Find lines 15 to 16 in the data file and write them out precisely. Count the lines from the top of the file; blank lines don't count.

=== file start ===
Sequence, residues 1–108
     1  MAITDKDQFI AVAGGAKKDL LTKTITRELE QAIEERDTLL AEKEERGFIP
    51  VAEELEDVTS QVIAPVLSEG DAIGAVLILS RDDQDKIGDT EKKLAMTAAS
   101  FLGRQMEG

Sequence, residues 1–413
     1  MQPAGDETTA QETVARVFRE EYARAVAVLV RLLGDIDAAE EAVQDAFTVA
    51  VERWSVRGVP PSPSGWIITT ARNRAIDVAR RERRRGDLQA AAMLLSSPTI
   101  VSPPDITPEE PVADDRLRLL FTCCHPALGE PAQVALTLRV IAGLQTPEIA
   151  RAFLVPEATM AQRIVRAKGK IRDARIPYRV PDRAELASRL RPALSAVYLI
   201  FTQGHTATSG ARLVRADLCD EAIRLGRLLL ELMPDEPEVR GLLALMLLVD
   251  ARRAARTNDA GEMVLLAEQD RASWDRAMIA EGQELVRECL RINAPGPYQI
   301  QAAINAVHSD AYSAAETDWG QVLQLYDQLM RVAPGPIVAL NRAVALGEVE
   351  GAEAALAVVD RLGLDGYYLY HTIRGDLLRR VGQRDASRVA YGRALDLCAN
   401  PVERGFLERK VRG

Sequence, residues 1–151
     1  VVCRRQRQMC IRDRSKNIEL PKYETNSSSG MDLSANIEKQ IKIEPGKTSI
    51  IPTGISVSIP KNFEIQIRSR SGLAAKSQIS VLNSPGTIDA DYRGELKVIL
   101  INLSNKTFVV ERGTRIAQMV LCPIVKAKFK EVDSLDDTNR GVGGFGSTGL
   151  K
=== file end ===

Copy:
Sequence, residues 1–151
     1  VVCRRQRQMC IRDRSKNIEL PKYETNSSSG MDLSANIEKQ IKIEPGKTSI